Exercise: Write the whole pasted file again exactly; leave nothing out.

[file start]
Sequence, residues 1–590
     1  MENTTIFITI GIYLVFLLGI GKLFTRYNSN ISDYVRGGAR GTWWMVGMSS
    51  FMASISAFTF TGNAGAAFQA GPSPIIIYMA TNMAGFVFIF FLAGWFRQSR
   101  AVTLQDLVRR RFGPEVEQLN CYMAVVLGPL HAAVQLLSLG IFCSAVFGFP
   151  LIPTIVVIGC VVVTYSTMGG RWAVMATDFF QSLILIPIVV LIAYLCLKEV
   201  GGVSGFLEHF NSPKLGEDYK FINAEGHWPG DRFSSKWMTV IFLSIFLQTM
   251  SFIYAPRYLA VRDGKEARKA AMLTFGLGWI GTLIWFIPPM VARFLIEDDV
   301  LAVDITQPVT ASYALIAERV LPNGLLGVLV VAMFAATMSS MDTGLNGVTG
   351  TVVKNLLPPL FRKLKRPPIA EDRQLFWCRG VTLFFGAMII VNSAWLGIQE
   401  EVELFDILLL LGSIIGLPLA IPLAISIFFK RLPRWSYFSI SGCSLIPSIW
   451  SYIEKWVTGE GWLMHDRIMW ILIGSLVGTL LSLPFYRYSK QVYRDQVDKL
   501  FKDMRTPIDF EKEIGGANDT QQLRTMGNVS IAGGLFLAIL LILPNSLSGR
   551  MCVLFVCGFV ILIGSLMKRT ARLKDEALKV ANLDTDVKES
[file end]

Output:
Sequence, residues 1–590
     1  MENTTIFITI GIYLVFLLGI GKLFTRYNSN ISDYVRGGAR GTWWMVGMSS
    51  FMASISAFTF TGNAGAAFQA GPSPIIIYMA TNMAGFVFIF FLAGWFRQSR
   101  AVTLQDLVRR RFGPEVEQLN CYMAVVLGPL HAAVQLLSLG IFCSAVFGFP
   151  LIPTIVVIGC VVVTYSTMGG RWAVMATDFF QSLILIPIVV LIAYLCLKEV
   201  GGVSGFLEHF NSPKLGEDYK FINAEGHWPG DRFSSKWMTV IFLSIFLQTM
   251  SFIYAPRYLA VRDGKEARKA AMLTFGLGWI GTLIWFIPPM VARFLIEDDV
   301  LAVDITQPVT ASYALIAERV LPNGLLGVLV VAMFAATMSS MDTGLNGVTG
   351  TVVKNLLPPL FRKLKRPPIA EDRQLFWCRG VTLFFGAMII VNSAWLGIQE
   401  EVELFDILLL LGSIIGLPLA IPLAISIFFK RLPRWSYFSI SGCSLIPSIW
   451  SYIEKWVTGE GWLMHDRIMW ILIGSLVGTL LSLPFYRYSK QVYRDQVDKL
   501  FKDMRTPIDF EKEIGGANDT QQLRTMGNVS IAGGLFLAIL LILPNSLSGR
   551  MCVLFVCGFV ILIGSLMKRT ARLKDEALKV ANLDTDVKES